George Mackay (Australian politician)

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The Hon
George Mackay
George Mackay.jpg
Member of the Australian Parliament
for Lilley
In office
5 May 1917 – 7 August 1934
Preceded by Jacob Stumm
Succeeded by Donald Cameron
8th Speaker of the Australian House of Representatives
In office
17 February 1932 – 7 August 1934
Preceded by Norman Makin
Succeeded by George Bell
Member of the Queensland Legislative Assembly
for Gympie
In office
27 April 1912 – 22 May 1915
Preceded by New seat
Succeeded by Thomas Dunstan
Personal details
Born George Hugh Alexander Mackay
(1872-03-20)20 March 1872
Clermont, Queensland
Died 5 November 1961(1961-11-05) (aged 89)
Gympie, Queensland
Resting place Gympie Cemetery
Nationality Australian
Political party Nationalist (1917–31)
UAP (1931–34)
Spouse(s) Edith Ann Heard (m.1896 d.1958)
Occupation Real estate agent
Religion Presbyterian

George Hugh Alexander Mackay (20 March 1872 – 5 November 1961) was an Australian politician and Speaker of the Australian House of Representatives.

Early life[edit]

Mackay was born at Copperfield, near Clermont in Queensland, to Scottish-born carpenter Hugh Mackay and Jane, née Baird. He attended the state schools at Clermont and Bundaberg before becoming an apprentice printer at the Peak Downs Telegram in 1887. In 1894 he was promoted to foreman printer, and finally became managing editor. He married Edith Ann Heard on 23 September 1896 at the Wesleyan Church in Clermont, after which he joined his sister Barbara in the local bookshop and newsagency. He was elected to Clermont Toun Council in 1882 and served as mayor 1900-02.

Mackay moved to Lismore in New South Wales in 1902 before leasing a dairy farm at McLean's Ridge. Shortly afterwards, in 1905, the family moved back to Queensland, settling at Gympie, where Mackay opened an auctioneering and real estate business in partnership with Ray King. In 1911 he was elected to Gympie City Council; he was mayor in 1917.

Politics[edit]

Mackay was elected to the Legislative Assembly of Queensland in 1912 as a Liberal member, representing the seat of Gympie. He was defeated in 1915,[1] but in 1917 won the federal seat of Lilley as a Nationalist. In the House of Representatives he was known as a competent public speaker with a penchant for quoting figures; serving on the Joint Committee on Public Works (1920–28, chairman 1926-28), he was involved in the development of Canberra and the building of the Australian War Memorial. He stated that he had "no time for extremists or muddlers", and was known to dislike the Country Party.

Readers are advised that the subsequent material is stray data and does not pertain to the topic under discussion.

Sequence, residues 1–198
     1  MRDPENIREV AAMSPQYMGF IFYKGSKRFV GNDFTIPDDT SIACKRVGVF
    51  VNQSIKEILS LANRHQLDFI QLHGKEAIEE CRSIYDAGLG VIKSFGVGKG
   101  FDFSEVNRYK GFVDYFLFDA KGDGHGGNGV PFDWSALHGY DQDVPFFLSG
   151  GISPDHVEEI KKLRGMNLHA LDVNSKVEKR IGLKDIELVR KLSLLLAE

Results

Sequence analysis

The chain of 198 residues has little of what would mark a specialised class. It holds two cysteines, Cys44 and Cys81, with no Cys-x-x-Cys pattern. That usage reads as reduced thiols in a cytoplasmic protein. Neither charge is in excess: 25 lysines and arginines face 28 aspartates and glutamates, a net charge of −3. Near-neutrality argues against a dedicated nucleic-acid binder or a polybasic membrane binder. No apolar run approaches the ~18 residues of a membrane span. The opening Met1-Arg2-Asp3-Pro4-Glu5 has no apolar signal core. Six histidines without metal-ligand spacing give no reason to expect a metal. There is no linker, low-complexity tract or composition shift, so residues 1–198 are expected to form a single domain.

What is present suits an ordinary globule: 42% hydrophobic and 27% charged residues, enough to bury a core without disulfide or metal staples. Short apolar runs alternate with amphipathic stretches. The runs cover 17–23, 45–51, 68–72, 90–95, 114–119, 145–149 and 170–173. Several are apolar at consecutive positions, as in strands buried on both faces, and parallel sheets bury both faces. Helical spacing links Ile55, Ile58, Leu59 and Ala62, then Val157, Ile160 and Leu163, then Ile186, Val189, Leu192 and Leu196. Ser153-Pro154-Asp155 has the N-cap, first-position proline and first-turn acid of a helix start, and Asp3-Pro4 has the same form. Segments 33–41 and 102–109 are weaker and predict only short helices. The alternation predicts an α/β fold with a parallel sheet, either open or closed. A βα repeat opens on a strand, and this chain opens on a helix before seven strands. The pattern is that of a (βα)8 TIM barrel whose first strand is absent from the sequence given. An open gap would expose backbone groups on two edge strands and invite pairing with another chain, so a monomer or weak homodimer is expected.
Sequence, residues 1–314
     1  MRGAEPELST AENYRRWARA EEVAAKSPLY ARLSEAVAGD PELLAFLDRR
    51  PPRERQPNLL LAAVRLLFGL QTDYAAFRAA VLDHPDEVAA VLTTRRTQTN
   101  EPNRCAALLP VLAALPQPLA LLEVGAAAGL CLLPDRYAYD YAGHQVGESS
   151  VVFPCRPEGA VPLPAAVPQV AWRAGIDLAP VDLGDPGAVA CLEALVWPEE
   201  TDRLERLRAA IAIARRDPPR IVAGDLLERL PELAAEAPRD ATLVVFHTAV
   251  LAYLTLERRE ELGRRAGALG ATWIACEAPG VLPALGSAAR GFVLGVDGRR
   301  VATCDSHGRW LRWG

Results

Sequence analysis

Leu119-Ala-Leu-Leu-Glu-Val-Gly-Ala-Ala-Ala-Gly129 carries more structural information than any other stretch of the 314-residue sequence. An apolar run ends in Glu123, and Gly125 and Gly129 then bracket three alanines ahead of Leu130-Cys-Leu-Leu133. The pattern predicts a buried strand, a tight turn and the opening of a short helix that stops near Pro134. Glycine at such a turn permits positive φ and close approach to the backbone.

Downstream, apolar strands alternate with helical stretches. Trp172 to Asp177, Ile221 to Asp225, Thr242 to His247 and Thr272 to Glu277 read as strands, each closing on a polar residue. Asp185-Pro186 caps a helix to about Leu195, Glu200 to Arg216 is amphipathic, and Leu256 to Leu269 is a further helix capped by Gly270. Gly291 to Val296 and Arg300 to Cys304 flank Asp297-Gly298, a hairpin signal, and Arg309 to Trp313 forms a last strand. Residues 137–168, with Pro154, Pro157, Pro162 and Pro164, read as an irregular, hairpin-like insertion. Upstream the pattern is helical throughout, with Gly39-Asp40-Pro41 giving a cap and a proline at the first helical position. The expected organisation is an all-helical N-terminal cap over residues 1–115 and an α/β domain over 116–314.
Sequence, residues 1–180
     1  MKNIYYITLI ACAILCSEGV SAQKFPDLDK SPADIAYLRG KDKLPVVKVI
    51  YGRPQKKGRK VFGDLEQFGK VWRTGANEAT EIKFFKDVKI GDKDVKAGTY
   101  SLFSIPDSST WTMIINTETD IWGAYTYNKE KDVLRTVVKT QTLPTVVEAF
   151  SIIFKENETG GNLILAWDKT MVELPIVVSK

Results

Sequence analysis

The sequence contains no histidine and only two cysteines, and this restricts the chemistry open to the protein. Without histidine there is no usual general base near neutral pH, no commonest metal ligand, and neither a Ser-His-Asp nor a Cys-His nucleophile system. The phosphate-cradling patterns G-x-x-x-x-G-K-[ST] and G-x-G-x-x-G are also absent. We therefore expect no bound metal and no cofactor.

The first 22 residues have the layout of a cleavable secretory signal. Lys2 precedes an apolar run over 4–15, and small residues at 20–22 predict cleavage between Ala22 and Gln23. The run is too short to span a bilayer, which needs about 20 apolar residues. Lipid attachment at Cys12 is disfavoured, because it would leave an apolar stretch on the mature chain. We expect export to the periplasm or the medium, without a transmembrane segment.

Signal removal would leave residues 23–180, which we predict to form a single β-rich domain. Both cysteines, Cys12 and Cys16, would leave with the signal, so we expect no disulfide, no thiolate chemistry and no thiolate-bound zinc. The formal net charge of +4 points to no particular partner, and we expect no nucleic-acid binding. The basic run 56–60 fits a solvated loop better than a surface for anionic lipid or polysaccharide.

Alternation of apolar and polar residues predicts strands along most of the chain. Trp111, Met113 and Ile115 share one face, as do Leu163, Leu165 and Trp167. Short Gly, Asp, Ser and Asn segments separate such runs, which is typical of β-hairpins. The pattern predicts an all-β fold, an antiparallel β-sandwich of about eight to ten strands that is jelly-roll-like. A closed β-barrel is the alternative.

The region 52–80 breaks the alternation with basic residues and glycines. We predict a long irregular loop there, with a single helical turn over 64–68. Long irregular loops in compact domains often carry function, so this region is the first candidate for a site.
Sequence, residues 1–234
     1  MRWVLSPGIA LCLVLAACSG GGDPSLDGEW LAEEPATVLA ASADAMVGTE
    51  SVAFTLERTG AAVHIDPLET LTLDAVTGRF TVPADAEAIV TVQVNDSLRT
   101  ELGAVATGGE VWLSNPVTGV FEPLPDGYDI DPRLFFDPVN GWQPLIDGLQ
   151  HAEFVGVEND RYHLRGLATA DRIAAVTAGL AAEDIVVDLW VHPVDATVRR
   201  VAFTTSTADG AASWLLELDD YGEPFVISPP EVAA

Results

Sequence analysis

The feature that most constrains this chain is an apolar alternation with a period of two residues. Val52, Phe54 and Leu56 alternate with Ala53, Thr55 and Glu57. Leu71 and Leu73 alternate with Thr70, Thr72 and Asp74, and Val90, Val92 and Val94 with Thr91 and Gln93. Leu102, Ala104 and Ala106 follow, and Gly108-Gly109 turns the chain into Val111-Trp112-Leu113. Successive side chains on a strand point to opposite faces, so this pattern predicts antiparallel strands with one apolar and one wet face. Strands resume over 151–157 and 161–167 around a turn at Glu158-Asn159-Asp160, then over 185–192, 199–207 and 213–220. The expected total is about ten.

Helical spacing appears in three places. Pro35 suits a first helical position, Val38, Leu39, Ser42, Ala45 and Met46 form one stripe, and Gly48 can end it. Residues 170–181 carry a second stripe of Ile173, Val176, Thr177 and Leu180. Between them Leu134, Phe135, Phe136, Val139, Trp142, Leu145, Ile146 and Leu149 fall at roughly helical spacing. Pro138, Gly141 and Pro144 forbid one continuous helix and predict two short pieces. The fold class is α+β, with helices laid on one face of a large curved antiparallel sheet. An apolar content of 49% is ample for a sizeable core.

In 1931, the Nationalist Party became the United Australia Party, and on 11 February 1932 Mackay was elected Speaker. In March 1934 he announced his retirement, stating that "one may remain in parliament too long".

Later life[edit]

After his retirement, Mackay was interested in bowls, and he was president of the Gympie Bowling Club 1936-39. He was a devout Presbyterian and Freemason, and in 1952 wrote A summary of the history of the Gympie Presbyterian Church. He died on 5 November 1961 at Gympie and received a state funeral; he was buried at Gympie Cemetery.[2] He was survived by a son.

References[edit]

  1. ^ "Former Members". Parliament of Queensland. 2015. Retrieved 7 February 2015. 
  2. ^ Welcome to the Gympie Cemetery Mapping Portal — Gympie Cemetery Trust. Retrieved 7 February 2015.
Parliament of Australia
Preceded by
Norman Makin
Speaker of the Australian House of Representatives
1932–1934
Succeeded by
George Bell
Preceded by
Jacob Stumm
Member for Lilley
1917–1934
Succeeded by
Donald Charles Cameron
Parliament of Queensland
New seat Member for Gympie
1912–1915
Succeeded by
Thomas Dunstan